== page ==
2. 2. sociopolitical and religious, thanks to Lonergan and Gelpi)? It is one thing, however, to have our Lonerganian metrics but quite another to imagine that we also have the sociologic methods to adequately guage their realization among and across populations and religious cohorts (not ignoring that Stanley Jaki and others haven't made reasonable but still controversial general cases for one hermeneutic versus another). Let's return to the essential nature of faith, itself, for more insights into these questions. Here we might better clarify why it seems to be that conceptual implications don't always translate into practical consequences. The primary reason, in my view, is right here before our eyes in the distinction between the conceptual and practical! Different faiths will far more engage what we might call practical existential hermeneutics and far less have anything at all to do with speculative evidential metaphysics, which involve, instead, what are essentially philosophical preambles. In the practice of faith, as a live (not unreasonable), vital (existentially significant) and forced (not to choose is to choose) option, one will far more engage the participatory, imaginal and existential and far less rely on the conceptual, propositional and evidential, which is to recognize that theology is much more so a practical, much less so a theoretical, science. The efficacies of faith present in terms of right relationship to self, other, world and God; these efficacies are not primarily measured narrowly in terms of conceptual coherence but more broadly in those of valuerealization, with an emphasis on those related to love. Developmentally, more often orthocommunio (right relationship in community) will result moreso from orthopathy (right desires) and orthopraxy (right behavior) and less so from orthodoxy (right beliefs). Put another way, most often, community, cult and code will be robustly practiced even as creed typically will be only vaguely sketched and poorly understood. In our reality, which is radically incarnational and profusely pneumatological, quite often such value-realizations will be much more implicit than explicit, reflecting, then, a degree of unconscious competence. Even when explicit, quite often those conceptualizations will represent caricatures and misconstructions, a degree of conscious incompetence, but with little practical consequence due to the otherwise proper forming of desires and of behaving in community via practices, liturgy, ritual and spiritual formation. This is all to suggest, perhaps, that, all gnosticism and agnosticism aside, a great deal of practical ignosticism nevertheless prevails even among believers. (Ignosticism suggests that, when it comes to God-concepts, people aren't even employing coherent definitions or that they are too often assuming too much or employing different definitions even when otherwise coherent). Also, while much has been made of radical apophaticism in recent years, few have seriously critiqued what has become a predominant radical kataphaticism, which presents both as pietism (an over-emphasis on the affective and kataphatic) and rationalism 2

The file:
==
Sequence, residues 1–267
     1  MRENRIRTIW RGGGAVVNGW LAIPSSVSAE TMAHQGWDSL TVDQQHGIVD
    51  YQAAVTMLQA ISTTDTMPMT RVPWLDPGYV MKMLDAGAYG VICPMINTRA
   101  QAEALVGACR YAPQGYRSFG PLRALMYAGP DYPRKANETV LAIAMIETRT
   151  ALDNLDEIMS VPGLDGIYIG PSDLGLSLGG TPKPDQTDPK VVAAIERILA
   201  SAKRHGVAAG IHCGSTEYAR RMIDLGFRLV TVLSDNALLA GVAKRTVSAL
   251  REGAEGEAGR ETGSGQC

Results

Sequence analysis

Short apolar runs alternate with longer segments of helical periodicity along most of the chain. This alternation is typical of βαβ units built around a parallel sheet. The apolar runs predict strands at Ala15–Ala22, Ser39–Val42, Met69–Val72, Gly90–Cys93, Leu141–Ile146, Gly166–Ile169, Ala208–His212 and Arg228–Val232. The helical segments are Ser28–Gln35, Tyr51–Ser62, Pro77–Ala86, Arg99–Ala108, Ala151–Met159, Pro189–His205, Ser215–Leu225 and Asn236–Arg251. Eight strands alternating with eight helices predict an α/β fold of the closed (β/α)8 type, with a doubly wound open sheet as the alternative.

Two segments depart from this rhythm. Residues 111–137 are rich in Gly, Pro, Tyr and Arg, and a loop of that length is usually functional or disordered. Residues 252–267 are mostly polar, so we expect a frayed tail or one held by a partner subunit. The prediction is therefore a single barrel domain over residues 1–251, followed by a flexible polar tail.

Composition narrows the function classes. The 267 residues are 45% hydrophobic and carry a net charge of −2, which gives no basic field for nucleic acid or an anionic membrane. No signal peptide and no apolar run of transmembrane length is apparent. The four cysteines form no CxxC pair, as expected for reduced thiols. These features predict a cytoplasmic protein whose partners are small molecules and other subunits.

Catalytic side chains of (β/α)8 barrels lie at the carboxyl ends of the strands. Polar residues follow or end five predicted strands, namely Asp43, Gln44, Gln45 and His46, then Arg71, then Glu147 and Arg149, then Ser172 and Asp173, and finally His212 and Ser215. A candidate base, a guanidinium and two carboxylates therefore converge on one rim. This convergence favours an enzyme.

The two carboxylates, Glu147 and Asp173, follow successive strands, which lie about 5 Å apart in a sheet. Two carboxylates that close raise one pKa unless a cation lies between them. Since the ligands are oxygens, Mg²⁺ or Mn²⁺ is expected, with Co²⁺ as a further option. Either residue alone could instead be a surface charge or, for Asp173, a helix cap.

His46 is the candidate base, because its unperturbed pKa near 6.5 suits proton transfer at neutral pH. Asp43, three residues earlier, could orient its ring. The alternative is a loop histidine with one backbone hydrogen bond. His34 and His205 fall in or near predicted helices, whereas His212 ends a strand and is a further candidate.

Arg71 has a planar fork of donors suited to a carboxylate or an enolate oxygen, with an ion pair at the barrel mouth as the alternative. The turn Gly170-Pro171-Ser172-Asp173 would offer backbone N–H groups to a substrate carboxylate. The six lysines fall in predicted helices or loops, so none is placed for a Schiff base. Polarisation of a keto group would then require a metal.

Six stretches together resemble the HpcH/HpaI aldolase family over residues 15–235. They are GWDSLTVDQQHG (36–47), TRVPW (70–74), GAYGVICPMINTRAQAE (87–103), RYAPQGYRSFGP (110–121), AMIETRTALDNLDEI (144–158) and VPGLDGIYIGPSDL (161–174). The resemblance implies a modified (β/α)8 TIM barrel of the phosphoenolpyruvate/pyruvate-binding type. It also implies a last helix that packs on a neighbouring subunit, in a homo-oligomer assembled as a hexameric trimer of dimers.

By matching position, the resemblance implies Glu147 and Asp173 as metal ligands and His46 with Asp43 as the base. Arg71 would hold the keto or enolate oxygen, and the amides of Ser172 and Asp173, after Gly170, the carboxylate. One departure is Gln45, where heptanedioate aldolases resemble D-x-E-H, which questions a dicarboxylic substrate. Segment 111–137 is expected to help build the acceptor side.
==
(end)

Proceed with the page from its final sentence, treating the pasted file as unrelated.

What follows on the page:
3. 3. (an over-emphasis on the speculative and kataphatic); where faith elements that are primarily interpretive, metaphorical and mythical are misconstrued as being mostly descriptive, metaphysical and literal; where the participatory imagination fancies itself as doing conceptual map-making; where what is essentially a theology of nature (or theo-ontology), a poetic venture, is received as a natural theology (or onto-theology), a philosophic venture; where the exoteric and mythical crowds out the esoteric and mystical; where believing and behaving take formative precedence over belonging and desiring; where implicit and existential approaches are denigrated and explicit approaches are fundamentalistic; where the unconsciously competent is not appreciated and the conscious is manifestly incompetent. Such rationalists might acknowledge that one needn't understand the metaphysics and theology of the Eucharist or other sacraments in order for their celebration to be efficacious but not as quick to agree that the same could be true for energy healing or with the manifold and multiform goings on during one's 20 minute sitting (those psychological imbalances, which have often associated with spiritual mispractice, generally require the therapy of prudential norms - e.g. moderation, not the ministration of theological gnosis - e.g. proselytization). Of course, not all therapies for practice will involve normative and prudential remedies; some may well involve interpretive corrections. Still, when interpretive, those remedies will require metaphorical, imaginal and mythical reformulations and not metaphysical, conceptual and literal corrections. In this vein, Westerners can acknowledge that reality IS like the unitary interpretation but that, as with the unitive interpretation, what we have, perhaps and at most, is a successful reference, not a successful description. Furthermore, we can acknowledge that there IS more to be said literally through apophatic predication and negation even while there is no limit on what can be metaphorically affirmed through kataphatic affirmation. The western dualistic mindset often gets caught up in a zen conundrum regarding then there is no mountain because it doesn't finish the trialectic with then there is, which returns one to the practical plane where we live and move and have our being, hopefully, in solidarity and compassion. The unitary interpretation, as with the unitive interpretation, is but part of the truth; both interpretations refer to a LARGE reality and thus convey enormous existential impetus. As mentioned earlier, the unitive without the unitary has often led to deism, while the unitary without the unitive has often tended toward quietism; held in creative tension, though, they affirm us as created co-creators. While it is neither ideal nor optimal when folks enjoy poor catechesis ad employ impoverished theological conceptions, to the extent they have otherwise been suitably evangelized and have enjoyed a loving community that has formed their desires and shaped their behaviors through liturgy, sacrament and practice (even if implicitly, whether via unitary or unitive pathways), for all practical purposes, their formation will have been more than adequate. 3